"Then I got onto the bus a day after and it was leaving but one of my team-mates was knocking on the door. I asked the bus driver to let him on but she refused, saying it was time to go. It was absurd, it would have only taken six or seven seconds.

"She walked out of the bus in a huff and a transport manager came on who yelled and screamed at me, and tried to force me off the bus. I've never come across such rude behaviour. Normally organisers accommodate the sportsmen, they go out of their way to make sure you get what you need.

"So the team management complained to the Indian High Commission and now the gentlemen concerned have tendered a written apology. That's fine by me, and I'm ready to get back to work."

That apology came in the form of a carefully worded statement from the organisers, which apologised for "any misunderstandings which may have occurred on both sides". In other words, they feel the Indians should take some of the blame - for example, the BBC understands the bus driver alleges foul language was directed at her.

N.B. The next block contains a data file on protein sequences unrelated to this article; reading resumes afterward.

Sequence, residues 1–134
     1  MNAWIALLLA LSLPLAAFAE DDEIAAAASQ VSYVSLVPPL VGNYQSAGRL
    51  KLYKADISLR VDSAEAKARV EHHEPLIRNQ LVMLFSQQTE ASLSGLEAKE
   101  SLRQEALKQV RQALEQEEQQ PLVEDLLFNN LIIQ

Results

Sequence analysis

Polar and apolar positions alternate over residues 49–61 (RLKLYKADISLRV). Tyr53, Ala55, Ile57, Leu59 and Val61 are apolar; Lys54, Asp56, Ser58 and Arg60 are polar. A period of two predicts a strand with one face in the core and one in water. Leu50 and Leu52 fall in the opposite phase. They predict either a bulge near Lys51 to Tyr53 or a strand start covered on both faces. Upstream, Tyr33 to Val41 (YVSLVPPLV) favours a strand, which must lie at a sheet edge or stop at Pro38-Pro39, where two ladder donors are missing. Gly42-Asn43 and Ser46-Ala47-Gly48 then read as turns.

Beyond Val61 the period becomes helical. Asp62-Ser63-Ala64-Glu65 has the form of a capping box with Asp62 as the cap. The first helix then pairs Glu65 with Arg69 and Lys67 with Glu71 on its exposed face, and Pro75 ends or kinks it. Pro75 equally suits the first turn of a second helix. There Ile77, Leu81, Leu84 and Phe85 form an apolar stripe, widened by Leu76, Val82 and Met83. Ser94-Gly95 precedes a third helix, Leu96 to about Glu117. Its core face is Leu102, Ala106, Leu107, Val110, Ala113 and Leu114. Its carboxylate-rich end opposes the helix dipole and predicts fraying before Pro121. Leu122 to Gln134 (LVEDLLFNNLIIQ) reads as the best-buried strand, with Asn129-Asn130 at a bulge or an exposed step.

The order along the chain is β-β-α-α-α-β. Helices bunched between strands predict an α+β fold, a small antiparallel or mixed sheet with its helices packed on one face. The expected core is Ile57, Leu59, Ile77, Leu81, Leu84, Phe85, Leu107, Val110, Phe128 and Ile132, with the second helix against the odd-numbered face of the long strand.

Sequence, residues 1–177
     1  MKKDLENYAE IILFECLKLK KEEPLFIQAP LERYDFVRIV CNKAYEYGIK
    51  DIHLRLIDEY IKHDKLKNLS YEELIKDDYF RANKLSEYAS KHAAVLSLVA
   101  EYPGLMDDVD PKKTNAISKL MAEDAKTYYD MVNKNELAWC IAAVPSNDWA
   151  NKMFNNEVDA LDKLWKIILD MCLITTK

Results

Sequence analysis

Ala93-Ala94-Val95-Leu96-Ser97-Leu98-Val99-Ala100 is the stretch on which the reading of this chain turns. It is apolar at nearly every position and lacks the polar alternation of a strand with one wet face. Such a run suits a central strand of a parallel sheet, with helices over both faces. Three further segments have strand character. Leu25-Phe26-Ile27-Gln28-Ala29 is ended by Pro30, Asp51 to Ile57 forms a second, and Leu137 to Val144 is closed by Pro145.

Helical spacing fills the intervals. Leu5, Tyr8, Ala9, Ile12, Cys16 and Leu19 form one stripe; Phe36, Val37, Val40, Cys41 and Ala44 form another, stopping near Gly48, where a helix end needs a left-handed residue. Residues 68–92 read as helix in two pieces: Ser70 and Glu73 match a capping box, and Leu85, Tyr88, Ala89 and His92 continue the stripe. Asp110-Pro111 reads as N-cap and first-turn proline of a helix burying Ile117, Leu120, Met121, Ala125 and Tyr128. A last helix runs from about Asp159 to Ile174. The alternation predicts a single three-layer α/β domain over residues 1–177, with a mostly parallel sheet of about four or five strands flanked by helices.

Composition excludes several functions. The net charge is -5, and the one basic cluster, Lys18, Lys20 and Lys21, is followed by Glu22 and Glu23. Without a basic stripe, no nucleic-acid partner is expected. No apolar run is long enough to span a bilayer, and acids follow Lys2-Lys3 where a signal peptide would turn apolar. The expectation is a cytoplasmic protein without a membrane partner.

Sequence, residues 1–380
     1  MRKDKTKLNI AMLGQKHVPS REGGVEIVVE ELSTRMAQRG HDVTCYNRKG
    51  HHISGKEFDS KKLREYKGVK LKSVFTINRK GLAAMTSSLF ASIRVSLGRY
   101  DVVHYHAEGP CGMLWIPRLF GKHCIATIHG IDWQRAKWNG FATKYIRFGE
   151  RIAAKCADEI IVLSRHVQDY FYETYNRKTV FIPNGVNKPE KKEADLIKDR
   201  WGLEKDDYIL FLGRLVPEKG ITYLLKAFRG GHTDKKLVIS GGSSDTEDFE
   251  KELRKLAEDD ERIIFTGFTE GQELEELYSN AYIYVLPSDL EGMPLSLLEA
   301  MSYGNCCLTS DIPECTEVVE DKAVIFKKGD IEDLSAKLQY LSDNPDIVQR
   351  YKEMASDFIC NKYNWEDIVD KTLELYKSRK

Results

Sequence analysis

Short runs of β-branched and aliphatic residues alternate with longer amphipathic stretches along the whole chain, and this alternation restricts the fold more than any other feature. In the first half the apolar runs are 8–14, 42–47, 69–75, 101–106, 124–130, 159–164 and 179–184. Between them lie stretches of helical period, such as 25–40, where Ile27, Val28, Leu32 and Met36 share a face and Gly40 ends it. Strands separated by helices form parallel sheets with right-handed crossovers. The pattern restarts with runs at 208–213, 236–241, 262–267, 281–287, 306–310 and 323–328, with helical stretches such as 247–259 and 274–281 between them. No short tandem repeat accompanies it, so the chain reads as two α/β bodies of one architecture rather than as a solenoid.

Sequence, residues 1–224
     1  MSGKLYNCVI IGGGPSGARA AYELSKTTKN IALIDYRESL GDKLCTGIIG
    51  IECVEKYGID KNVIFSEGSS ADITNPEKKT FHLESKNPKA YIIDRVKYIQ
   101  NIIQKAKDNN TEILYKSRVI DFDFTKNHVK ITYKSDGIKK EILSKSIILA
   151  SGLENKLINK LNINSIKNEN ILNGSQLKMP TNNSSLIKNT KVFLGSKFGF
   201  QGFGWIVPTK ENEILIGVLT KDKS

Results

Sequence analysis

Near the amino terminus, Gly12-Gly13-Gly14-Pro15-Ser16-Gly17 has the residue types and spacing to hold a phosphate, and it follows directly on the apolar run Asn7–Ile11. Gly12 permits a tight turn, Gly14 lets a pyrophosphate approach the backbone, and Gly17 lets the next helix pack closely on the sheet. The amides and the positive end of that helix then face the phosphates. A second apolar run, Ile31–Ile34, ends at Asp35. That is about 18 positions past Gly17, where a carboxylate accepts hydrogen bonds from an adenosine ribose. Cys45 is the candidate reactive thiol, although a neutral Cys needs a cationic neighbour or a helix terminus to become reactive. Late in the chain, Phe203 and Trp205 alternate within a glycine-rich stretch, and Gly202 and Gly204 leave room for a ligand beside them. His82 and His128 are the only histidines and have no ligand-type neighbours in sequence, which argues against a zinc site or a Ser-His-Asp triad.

Organisers and Indian team members shake handsPeter Underhill, left, shakes hands with India's Manavjit Singh Sandhu. Photo: BBC

This all ended in an incredibly awkward on-camera handshake between the Indian team and British organising chairman Peter Underhill, but not before the news was splashed across some Indian media, which had made a national hero of rifle shooter Abhinav Bindra when he won Olympic gold in Beijing two years ago - the first individual Olympic gold medal in Indian history and one which pushed shooting higher up India's national sporting agenda.

The Times of India ran its tale of "shotgun harassment" as a top story, at one point the most-read on its site, while the Deccan Chronicle carried quotes complaining of the "humiliation" of the Indian team, and some other sites made even wilder accusations.

Organisers, who would bite your arm off for a lone column inch in a British national newspaper, have been staggered to find rows of Indian reporters camped out on the grassy square outside the clubhouse, none more so than the quietly spoken Underhill.

"There have been misunderstandings," he admitted, gingerly. "But we have had meetings and apologised if we have caused any offence through mishandling of the transport arrangements. We're working together to get things on an even keel - which they are.